“They charge too much and it’s making it hard for them to grow,” my friend told me.

We were discussing a small creative agency we both know as we sipped scotch on the bank of the Lewis River in southwest Washington. We were backpacking and had just finished a long hike through the summer heat.

My friend gave me some example projects that the creative agency had sold in the $30 – 60,000 range and related it to the feast and famine cycle that many agencies experience. He theorized that the team kept growing and shrinking because the creative agency couldn’t maintain demand at the current pricing.

Pricing is a lever you can pull to power growth.

The common advice is to raise pricing. Most businesses are under-optimized in terms of pricing and, for small businesses, often under-charging. The advice is helpful much of the time and drives growth by increasing profit.

However, there is a spectrum of pricing elasticity where at the high end you begin to depress demand. Customers find you and don’t buy because you’re too expensive.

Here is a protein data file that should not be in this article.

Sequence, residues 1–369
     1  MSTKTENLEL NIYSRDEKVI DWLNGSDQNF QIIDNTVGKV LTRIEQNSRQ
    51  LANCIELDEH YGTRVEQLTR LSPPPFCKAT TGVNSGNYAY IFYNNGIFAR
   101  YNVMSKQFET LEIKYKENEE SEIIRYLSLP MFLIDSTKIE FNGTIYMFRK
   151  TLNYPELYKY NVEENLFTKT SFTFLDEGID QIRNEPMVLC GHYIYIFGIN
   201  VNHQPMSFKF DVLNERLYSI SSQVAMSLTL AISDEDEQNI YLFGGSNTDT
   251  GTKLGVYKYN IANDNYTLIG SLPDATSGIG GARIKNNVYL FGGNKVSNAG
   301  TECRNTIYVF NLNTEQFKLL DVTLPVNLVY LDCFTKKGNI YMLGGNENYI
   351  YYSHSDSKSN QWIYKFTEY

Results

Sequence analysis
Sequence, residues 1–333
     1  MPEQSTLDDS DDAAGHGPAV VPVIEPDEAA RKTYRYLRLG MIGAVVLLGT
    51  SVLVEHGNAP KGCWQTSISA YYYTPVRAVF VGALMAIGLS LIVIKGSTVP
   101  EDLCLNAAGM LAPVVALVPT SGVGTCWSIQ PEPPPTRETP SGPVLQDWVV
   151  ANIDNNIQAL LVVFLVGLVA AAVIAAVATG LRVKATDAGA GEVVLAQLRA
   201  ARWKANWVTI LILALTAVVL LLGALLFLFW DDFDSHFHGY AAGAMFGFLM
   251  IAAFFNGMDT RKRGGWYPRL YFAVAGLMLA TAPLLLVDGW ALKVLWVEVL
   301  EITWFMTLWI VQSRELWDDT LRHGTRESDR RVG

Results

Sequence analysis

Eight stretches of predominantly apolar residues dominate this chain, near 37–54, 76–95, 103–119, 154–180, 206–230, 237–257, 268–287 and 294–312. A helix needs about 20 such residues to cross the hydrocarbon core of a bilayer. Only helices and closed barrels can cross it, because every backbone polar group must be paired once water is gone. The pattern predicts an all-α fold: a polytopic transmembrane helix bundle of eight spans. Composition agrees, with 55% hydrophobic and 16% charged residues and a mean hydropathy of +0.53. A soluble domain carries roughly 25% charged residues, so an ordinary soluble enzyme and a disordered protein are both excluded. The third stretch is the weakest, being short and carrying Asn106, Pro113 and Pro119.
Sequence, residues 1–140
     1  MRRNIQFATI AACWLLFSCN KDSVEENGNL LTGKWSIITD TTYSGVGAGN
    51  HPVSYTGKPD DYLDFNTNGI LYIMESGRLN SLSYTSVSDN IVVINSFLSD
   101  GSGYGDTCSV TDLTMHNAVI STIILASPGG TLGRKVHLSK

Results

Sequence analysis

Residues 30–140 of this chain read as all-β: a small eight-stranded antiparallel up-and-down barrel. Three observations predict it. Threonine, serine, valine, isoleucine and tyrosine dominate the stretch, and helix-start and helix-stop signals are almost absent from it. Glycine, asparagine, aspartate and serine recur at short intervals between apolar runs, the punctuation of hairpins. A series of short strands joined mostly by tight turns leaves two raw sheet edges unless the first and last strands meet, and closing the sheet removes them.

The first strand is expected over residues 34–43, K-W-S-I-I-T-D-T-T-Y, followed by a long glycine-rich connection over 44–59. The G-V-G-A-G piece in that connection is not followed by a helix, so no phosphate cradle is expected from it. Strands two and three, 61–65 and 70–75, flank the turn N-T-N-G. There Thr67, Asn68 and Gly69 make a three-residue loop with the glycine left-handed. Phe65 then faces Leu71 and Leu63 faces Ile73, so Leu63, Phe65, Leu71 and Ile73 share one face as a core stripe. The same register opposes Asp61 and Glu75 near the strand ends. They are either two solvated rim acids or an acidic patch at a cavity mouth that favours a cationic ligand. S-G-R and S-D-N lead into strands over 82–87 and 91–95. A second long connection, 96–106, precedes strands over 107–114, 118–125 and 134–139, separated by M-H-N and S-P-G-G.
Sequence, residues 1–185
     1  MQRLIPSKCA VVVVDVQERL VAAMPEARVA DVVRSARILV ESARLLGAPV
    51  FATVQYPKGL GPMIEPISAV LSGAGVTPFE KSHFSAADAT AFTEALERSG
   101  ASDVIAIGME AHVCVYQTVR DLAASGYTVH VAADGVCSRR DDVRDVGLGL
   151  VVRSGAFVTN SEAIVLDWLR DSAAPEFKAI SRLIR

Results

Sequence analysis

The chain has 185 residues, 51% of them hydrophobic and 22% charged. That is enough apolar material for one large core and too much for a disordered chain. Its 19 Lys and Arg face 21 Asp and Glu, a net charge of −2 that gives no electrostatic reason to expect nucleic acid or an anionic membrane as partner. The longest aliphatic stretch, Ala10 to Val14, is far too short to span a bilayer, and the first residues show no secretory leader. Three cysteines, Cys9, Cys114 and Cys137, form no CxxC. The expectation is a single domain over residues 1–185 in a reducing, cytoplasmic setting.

Selling at a lower price doesn’t necessarily mean that you’ll make less money and often you actually make more. But lowering pricing in a way that leads to growth requires you to change your formula.

More on that tomorrow…

If demand is a challenge for your small business, how does your pricing affect it?

Is it easier to raise demand or lower pricing?

You can map the math of different decisions by looking at your conversion to sale ratio and how pricing would affect the value of sales. (If you do this, you should evaluate raising prices too- elasticity is a spectrum and it might be easier to keep selling to the high end and just make it even higher.)

Featured image is the Band-e Kaisar, “Ceasar’s Dam,” built by Roman engineers who were prisoners of war after Persia defeated Rome in the Battle of Edessa and captured the Roman emperor Valerian. By Ali Afghah and used under Public Domain.